I finally got my gynaecology appointment after six months of waiting. I am under a new consultant at the hospital which I am happy with. At my appointment I saw a Junior Doctor called Claire. I was a bit wary as it wasn't the actual consultant. She asked me what had been going on and let me explain everything to her. She actually listened to everything I said and was so understanding and patient when I became a bit emotional. She stated that my overall problem was obviously pain and if they could help to sort that out it could help all areas of my life (e.g working, depression, social life). Which I agree with totally. She talked through some treatment options. The coil, noristhertone tablets, different pills etc etc. Until I told her I had actually tried all of those options already. To say she was flummoxed as what to do next was an understatement. But instead of fobbing me off there and then she admitted she was unsure and wanted to talk to the consultant Mr Chawathe who has more experience. If only other doctors would do that instead of making up some other rubbish to get us out. The conclusion he came to was that he does not know if it's endometriosis or adhesion's that are causing my pain. If they do an operation straight away and it's just adhesion's then that will only cause more scar tissue, more pain, same problem. 

To work out which it is, I have to go on Hormone Injections again (GnRH),called Prostap. Similar ones other endosisters may have had are Zoladex or Lupron. These will shut down my ovaries and put me into a medical menopause. I went through this procedure two years ago. Unfortunately, it didn't go too well for me last time, made me feel quite unwell and the side effects were awful. I had other complications last time from the coil aswell so I decided to give it a go again. If I don't try, I won't know. And i'll try anything to get me out of this pain i'm suffering on a daily basis. I will have the injections for 3 months to start, then it will be reviewed. If it has stopped my endo pain it may be extended for another 3 months. Or surgery may be the next step... again!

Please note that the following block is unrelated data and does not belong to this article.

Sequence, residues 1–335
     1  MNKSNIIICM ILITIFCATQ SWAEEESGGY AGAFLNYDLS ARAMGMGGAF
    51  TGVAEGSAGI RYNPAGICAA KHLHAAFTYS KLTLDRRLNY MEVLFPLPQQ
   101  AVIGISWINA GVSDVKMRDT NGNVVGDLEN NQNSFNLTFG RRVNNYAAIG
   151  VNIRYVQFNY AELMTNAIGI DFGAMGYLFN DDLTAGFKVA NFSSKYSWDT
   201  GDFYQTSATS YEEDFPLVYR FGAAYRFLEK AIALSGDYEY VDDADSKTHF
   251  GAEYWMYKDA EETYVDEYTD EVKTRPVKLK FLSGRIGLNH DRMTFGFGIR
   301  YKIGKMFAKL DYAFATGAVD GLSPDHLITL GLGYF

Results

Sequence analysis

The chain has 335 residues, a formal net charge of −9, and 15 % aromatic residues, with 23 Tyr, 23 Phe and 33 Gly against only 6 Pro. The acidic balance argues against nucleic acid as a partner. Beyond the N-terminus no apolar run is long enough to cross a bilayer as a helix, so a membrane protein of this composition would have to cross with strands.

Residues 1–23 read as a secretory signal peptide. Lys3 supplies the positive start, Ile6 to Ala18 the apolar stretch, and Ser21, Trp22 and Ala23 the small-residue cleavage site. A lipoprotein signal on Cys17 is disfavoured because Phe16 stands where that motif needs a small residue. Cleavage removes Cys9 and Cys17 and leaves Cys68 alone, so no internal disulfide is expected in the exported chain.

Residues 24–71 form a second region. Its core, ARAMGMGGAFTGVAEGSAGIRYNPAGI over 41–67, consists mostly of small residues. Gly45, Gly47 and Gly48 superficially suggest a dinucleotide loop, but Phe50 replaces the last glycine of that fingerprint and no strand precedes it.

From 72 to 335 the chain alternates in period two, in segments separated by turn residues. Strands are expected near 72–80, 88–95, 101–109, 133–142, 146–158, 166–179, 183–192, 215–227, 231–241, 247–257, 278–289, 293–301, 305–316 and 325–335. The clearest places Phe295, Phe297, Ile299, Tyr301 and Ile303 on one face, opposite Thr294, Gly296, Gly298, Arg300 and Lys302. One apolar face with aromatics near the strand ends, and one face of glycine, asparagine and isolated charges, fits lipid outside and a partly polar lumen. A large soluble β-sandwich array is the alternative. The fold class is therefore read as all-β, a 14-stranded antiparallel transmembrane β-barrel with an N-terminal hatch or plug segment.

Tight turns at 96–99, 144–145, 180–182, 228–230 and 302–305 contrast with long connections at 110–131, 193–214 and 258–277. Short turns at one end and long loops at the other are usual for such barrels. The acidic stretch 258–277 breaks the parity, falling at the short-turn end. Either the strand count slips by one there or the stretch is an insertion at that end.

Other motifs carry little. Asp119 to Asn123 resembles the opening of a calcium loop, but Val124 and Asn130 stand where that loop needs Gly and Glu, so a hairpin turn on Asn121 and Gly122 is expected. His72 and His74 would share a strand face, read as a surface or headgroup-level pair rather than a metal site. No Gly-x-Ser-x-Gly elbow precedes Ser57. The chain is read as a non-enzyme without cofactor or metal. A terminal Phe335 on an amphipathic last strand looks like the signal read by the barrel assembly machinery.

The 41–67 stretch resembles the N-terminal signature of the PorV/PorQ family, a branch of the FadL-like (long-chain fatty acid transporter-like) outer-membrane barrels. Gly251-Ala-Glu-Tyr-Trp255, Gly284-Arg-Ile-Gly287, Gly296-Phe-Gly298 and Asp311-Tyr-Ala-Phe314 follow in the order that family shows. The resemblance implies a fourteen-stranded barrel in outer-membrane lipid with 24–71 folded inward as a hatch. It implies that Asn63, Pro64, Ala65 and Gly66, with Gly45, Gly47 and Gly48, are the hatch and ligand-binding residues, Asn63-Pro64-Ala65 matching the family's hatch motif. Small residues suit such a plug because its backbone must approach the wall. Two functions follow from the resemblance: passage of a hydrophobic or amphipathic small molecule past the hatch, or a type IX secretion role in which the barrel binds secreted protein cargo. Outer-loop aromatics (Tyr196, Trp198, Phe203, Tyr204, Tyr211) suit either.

Does anyone else feel like they are going round and round in circles?! A vicious circle to say the least! Wish me luck. I think i'm going to need it!!


Tuesday, 24 September 2013

Endometriosis: My Depression Diagnosis

As ridiculous as this sounds, I've been too embarrassed to just come out and say that I've been depressed.. I'm still depressed.. I have depression.